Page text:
Congress of Åland

The following article is from The Great Soviet Encyclopedia (1979). It might be outdated or ideologically biased.

Congress of Åland


a congress at which Russia and Sweden attempted to negotiate a peace during the Northern War, 1700–21. It was held, with interruptions, between May 1718 and October 1719 on the island of Sundskär in the Åland archipelago. Russia was represented by General J. Bruce, A. I. Osterman, and P. I. Iaguzhinskii, and Sweden was represented by K. Gyllenborg and G. Görtz. The Russians demanded the transfer to Russia of Ingria, Karelia, Livonia with Riga, and Estonia including Revel, which had been occupied by its troops, and Vyborg as well. Peter I would return Finland, which he had conquered, to Sweden.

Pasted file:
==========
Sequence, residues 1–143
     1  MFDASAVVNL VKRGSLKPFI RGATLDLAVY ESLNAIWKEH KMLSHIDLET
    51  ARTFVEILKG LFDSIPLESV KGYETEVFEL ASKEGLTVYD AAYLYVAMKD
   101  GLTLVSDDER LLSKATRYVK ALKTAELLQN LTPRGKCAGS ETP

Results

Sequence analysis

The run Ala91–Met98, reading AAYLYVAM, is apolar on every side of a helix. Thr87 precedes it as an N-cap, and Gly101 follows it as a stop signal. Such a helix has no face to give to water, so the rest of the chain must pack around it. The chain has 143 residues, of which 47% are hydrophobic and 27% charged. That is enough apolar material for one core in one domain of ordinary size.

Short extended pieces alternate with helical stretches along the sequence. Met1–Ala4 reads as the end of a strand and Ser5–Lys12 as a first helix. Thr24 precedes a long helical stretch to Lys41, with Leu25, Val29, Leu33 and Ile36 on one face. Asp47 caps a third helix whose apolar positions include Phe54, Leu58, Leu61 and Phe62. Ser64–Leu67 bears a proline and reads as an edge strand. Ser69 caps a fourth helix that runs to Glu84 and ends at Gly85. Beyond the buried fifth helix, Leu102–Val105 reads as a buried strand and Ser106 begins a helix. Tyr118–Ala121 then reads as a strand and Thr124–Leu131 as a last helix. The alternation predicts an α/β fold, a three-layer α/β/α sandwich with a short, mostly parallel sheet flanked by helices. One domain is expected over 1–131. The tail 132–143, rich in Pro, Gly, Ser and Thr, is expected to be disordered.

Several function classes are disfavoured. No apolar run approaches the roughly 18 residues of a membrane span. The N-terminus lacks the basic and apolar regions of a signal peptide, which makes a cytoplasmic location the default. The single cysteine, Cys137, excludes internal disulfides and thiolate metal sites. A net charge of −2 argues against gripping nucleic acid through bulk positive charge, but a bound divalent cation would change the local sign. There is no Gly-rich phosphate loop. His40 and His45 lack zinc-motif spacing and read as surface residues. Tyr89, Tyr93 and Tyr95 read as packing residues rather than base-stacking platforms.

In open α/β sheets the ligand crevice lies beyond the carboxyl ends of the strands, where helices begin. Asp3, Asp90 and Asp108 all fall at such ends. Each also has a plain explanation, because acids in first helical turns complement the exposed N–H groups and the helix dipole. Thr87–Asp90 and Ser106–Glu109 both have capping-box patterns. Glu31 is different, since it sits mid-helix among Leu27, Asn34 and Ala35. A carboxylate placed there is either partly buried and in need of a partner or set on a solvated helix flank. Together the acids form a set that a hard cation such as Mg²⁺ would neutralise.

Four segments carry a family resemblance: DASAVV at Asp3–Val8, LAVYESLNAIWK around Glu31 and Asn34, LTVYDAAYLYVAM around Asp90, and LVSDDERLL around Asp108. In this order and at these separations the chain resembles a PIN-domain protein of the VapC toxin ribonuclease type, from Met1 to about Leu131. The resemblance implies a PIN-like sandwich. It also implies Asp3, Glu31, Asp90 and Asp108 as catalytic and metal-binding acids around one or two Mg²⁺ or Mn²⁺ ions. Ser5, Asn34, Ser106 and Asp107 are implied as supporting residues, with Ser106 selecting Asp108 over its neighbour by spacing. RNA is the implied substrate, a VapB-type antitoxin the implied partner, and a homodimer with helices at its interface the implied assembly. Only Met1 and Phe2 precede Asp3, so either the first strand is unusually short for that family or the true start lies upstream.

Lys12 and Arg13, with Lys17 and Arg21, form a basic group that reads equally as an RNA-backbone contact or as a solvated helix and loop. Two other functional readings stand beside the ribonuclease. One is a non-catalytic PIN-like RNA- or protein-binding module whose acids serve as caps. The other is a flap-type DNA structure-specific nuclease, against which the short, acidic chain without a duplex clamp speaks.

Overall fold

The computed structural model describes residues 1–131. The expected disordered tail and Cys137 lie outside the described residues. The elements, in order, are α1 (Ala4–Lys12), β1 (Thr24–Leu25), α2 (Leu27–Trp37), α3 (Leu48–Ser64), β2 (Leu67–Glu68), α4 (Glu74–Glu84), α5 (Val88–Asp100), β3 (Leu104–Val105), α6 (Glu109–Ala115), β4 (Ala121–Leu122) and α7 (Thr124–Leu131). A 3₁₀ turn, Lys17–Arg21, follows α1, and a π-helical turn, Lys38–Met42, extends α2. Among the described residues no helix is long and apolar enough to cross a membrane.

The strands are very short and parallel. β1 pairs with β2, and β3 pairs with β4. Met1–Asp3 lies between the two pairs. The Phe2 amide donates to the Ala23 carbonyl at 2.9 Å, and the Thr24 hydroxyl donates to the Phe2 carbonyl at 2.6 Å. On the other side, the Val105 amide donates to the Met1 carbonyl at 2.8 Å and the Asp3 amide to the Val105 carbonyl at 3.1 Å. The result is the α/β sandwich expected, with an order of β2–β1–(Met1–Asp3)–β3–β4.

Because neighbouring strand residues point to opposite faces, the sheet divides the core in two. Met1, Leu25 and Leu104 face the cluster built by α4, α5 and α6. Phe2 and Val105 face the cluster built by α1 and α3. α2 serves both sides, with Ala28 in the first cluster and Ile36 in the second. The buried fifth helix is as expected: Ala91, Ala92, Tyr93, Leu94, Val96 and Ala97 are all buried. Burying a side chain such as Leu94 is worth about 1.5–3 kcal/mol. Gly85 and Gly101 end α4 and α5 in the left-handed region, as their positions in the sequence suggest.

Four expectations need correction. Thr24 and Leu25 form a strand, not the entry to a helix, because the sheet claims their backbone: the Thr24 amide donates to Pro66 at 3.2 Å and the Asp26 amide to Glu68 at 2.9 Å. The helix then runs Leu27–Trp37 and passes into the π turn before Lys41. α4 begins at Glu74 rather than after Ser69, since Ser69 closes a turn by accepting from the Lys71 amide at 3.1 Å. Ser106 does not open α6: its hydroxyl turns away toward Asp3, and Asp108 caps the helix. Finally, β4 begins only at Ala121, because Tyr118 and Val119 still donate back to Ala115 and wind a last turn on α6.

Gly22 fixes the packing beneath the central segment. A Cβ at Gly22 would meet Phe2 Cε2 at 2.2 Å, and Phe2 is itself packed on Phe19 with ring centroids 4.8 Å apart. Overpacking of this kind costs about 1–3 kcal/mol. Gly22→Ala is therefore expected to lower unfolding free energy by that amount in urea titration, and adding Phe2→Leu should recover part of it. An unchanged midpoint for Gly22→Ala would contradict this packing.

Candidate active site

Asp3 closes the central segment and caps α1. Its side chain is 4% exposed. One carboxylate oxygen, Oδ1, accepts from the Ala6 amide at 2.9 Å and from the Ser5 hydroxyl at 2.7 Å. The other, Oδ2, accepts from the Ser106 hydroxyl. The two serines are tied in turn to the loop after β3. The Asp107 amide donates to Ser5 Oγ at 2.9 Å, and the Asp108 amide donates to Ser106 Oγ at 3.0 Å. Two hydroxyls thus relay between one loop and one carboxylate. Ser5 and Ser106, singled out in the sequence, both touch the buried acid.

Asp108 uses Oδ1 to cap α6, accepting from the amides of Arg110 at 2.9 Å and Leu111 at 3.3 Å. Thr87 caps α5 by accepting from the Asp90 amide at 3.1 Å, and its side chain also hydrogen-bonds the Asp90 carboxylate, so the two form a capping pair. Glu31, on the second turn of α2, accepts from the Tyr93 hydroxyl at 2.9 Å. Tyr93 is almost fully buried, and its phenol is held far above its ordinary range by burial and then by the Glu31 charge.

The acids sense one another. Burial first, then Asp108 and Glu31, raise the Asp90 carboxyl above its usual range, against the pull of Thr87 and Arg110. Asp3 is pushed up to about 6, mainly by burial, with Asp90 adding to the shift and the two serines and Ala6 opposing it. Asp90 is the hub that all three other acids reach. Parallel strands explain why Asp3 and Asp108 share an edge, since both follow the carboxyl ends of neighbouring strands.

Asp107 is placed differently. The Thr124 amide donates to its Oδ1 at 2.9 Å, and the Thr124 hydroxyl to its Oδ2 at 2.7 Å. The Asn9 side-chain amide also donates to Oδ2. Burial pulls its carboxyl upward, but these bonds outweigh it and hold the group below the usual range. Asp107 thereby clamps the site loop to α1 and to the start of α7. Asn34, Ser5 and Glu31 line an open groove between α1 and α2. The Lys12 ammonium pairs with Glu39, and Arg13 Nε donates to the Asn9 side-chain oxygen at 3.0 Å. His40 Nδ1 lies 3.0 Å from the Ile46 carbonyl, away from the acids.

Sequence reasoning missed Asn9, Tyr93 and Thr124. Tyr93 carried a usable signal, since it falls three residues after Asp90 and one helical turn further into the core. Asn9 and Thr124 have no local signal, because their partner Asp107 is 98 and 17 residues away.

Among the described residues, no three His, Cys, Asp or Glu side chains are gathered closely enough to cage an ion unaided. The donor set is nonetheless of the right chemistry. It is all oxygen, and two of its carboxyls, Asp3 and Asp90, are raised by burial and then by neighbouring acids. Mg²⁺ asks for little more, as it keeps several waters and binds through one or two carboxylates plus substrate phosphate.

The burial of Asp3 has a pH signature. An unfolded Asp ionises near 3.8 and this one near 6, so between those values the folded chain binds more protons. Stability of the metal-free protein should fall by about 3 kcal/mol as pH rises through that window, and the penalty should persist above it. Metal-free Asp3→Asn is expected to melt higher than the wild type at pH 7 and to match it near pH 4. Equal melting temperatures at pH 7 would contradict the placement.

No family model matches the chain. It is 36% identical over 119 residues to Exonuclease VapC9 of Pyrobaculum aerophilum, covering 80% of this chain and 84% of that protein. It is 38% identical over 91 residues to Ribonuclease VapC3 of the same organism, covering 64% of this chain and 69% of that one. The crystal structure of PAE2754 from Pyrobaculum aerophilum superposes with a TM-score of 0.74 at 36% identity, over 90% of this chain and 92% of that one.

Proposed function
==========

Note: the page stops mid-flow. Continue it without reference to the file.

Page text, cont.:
Russia’s program corresponded to the interests of France, which wanted Sweden to retain its imperial possessions. It contradicted the interests of England, which demanded that Bremen and Verden, which belonged to Sweden, be transferred to Hanover. The rapprochement between England and France after the War of the Spanish Succession (1701–14) deprived Russia of French support, and consequently Swedish diplomats would not agree to the Russian demands. The parties did not reach agreement, and negotiations were broken off.


Feigina, S. A. Alandskii kongress. Moscow, 1959.


The Great Soviet Encyclopedia, 3rd Edition (1970-1979). © 2010 The Gale Group, Inc. All rights reserved.
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